ii] Again man and the Bible differ when they explain the extent of man’s depravity. There is no limit to man’s evil, say the film makers and writers of our day, and what cruelty and mayhem they portray on the screen. They suggest that it is only a matter of time before the full forces of human depravity will be felt in the world. The race will peter out as a few people are left standing on the beach waiting for the atomic clouds to blow over, or to inhale the deadly virus that is killing the world. The Bible does not anticipate an end like that. Our sin is not some powerful independent element controlling all history and the destinies of mankind. As soon as man’s depravity was revealed God’s grace was also revealed; a community of redeemed people were prepared who would have enormous influence in the world. They would be its salt and light. The world is not as bad as it could be. The gospel is changing millions of people.

iii] Again man and the Bible differ when they describe the consequences of man’s depravity. The unbelieving world says that man’s end is going to be annihilation. Soon we will be snuffed out and from that fate there can be no escape, and the consequence of that is that the only moment worth investing in is now. “No,” says the Bible. Not annihilation but evaluation, judgment and one of two different destinations are lying before us all. Is annihilation a more encouraging message than a future, definitive, divine assessment of our lives by a good and righteous God who knows all about us – followed by our getting our just deserts? No, annihilation is not a more encouraging end because the Bible goes on to say that man need not suffer the consequences of his own sin. God has sent his Son to be the Saviour of the world. The primary message of the Bible is not depravity but the coming of the promised Messiah the Lord Jesus. He has fulfilled the total potential of humanity; he has lived as we fail to live and fulfilled all the righteous demands of God; he has as God the Son borne the punishment God bestows on sinners for their sin. Wherever our sin abounds God’s grace much more abounds. Man’s message of evolution turns him to tragedy and despair. It breeds cynicism, turns our blood to ice water and our hearts to stone. Modern culture has produced an ethos of bleak tragedy which stretches from Hollywood and the daily soaps to the latest books on atheism in the best seller lists, from the Sun to the Guardian, from philosophy to night clubs there is felt to be no purpose in life beyond this moment. Humanism says that mankind is sick but there is no cure. There is no salvation for the Eleanor Rigbys of our day. No one is saved.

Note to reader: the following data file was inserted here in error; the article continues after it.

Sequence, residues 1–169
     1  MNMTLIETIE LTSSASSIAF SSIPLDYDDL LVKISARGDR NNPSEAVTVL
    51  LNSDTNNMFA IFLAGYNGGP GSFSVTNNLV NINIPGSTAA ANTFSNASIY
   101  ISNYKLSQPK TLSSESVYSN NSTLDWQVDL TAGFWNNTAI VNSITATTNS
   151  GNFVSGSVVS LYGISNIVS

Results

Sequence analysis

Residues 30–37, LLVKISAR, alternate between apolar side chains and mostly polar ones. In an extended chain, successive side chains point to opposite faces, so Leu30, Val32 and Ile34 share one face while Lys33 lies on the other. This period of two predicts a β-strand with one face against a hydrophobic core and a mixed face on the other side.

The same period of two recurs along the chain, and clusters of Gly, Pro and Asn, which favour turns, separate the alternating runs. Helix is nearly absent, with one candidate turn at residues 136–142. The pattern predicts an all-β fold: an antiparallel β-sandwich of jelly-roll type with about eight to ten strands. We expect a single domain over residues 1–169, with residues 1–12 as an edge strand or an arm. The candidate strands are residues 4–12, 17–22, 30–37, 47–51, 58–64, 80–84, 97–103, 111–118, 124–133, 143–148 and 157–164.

How different the Bible! A new heavens and a new earth! In God’s presence is fulness of joy; at his right hand are pleasures for evermore, and on that journey to blessedness God is pardoning our sins and preserving us, nothing ever separating us from his love, working all things together for our good. You see the anticipation of that here in the book of Ruth. Though it is real in describing the devastating effect of a famine on a community, a forced emigration to another country, the death of a husband and of two grown-up sons yet, amidst that heartache, the book of Ruth has one great feature. It has a happy ending. You go to the book of Job with all its tremendous analysis of evil and description of suffering in the life of one godly man’s family, and yet the book of Job too has a happy ending.